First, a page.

Chandler has written publicly of her uncomfortableness with her writing’s categorisation and heaven knows I have lamented too strict genre labelling. Isn’t a book just a book in the end? Perhaps my hackles rose because it felt a little like the book was making a play for being better than standard crime fiction by not conforming to the tropes of the genre.The most obvious manifestation of this is when Brigitte starts critiquing a crime novel that’s part of the story, written by an old boyfriend of hers. After the third or fourth sneering jibe about the genre’s clichés I couldn’t help but think “pot, meet kettle, it’s not like the ‘young woman in repeated jeopardy’ is uncharted territory.”

Ultimately I found DEAD IN THE WATER equally readable and forgettable. For me the genre elements (what there were of them) were too obvious and, aside from the beautifully captured sense of place, the literary elements of the novel lacking much in the way of insight into the human condition. But of course I read through the eyes of a die-hard fan of the crime genre; perhaps this is a book better suited to those whose preferences lie elsewhere.


AWW2016This is the 14th book I’ve read and reviewed for the fifth Australian Women Writers Challenge (well technically it’s 13.5 as one book was written by a father/daughter team). For more information about the challenge check out my challenge progresssign up yourself or browse the Challenge’s database of reviews.


Publisher: Scribe [2016]
ISBN: 9781925321593
Length: 283 pages
Format: paperback

Review: DEAD MEN DON’T ORDER FLAKE by Sue Williams

deadmendontorderflakewilliamsIn crime fiction, particularly at the lighter, cosier end of the genre spectrum one of the issues that authors have to deal with is what I’ll call the Cabot Cove Effect. That being that in reality small towns and communities simply do not experience the number and variety of murders worthy of dramatic re-telling that even one book, let alone a series of them, demands. So there has to be something else about the books that makes it possible for readers to suspend disbelief. In my experience a lot of authors completely fail to achieve this which is the main reason I follow so few lighter series (many are started, few are finished). Having now published the second of what I hope will become a longer series of books set in the fictional Victorian town of Rusty Bore, population 147, Sue Williams could give lessons on how to get it right.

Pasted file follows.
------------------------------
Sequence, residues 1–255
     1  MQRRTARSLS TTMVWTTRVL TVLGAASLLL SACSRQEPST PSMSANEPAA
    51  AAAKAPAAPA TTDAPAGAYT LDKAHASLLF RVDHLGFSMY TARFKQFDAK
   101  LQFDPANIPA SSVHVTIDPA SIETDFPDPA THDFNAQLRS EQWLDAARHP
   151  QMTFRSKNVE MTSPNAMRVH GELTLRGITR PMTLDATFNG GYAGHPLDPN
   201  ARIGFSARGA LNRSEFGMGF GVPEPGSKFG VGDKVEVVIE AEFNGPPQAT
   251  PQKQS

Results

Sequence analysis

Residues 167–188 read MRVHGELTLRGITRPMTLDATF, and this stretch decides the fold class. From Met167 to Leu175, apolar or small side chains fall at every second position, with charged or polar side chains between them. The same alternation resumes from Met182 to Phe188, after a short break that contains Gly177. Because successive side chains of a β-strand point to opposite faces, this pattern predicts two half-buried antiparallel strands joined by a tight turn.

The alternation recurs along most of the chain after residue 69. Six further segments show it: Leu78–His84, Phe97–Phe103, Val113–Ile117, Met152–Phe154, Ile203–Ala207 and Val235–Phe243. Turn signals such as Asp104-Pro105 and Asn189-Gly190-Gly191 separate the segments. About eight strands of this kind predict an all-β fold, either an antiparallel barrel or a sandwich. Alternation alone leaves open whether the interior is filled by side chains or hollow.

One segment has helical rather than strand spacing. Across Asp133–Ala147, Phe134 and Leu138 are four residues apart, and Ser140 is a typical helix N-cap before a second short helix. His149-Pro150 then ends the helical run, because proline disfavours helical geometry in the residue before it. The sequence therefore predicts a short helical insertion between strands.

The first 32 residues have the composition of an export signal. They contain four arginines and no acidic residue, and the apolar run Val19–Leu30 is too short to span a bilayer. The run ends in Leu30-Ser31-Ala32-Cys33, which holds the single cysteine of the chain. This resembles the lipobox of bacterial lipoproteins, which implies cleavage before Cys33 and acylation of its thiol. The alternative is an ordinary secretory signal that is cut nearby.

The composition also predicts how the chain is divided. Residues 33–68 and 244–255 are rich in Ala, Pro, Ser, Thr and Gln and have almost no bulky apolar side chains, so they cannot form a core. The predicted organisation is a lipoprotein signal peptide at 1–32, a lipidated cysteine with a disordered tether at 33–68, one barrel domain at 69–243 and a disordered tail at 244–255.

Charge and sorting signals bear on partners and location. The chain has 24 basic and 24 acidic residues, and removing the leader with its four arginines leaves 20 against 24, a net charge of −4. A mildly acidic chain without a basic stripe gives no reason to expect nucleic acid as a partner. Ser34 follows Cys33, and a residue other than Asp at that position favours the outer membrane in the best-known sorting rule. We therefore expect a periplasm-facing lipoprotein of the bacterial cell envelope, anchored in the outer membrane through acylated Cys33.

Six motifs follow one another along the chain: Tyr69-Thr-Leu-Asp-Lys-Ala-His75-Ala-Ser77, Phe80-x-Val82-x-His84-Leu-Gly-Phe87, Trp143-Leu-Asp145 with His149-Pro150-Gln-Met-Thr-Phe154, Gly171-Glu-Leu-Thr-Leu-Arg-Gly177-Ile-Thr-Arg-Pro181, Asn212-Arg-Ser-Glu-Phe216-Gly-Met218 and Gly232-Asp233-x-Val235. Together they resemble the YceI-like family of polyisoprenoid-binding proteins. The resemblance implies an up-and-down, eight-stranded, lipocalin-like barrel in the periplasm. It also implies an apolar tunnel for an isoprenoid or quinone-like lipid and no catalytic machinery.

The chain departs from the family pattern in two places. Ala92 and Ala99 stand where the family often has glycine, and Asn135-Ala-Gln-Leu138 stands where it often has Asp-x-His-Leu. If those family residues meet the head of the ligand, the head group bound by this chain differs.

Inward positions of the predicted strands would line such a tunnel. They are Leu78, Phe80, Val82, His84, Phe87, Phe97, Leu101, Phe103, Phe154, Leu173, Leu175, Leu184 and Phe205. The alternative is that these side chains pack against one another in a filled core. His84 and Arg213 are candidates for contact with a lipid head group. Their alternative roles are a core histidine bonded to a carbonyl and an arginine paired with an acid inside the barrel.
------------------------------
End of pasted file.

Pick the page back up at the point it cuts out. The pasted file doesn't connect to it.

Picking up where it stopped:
DEAD MEN DON’T ORDER FLAKE follows on from MURDER WITH THE LOT but you don’t have to have read the first book in order to enjoy this one. That fact is worth stating explicitly as it’s often difficult to dive into a series at anything other than the beginning so I am impressed when a book stands on its own merits. Furthermore, you could easily go back and read the first book after this one which is even less common. Full marks.

The next element Williams gets right is the tone of the story. It can’t be too serious (because of the aforementioned Cabot Cove Effect) but it can’t be so silly or gimmick-laden that it induces eye rolling in the average reader. Aside from the fact that there’s a higher than credible murder count for a small town, everything else about the story has a ring of truth so it is easy to ignore that one issue and go for the ride. The dead man of this book’s title is Leo Stone, an old flame of series heroine Cass Tuplin. Everyone in town thought Leo was dead. So dead they even held a remembrance ceremony and gave him a headstone. But he’s turned up now very much alive and with gun and/or diamond smuggling skills to his name. Or so the rumour mill goes. Meanwhile Cass is asked by the father of a local reporter to investigate her death. Police – in the form of Cass’ oldest son Dean – say Natalie Kellett was speeding and crashed her car at a notorious black spot. But her father is convinced this isn’t true. Could she have been working on a story important enough to have gotten her killed? Finding out proves to be very entertaining with lots of humour offsetting the dramatic moments.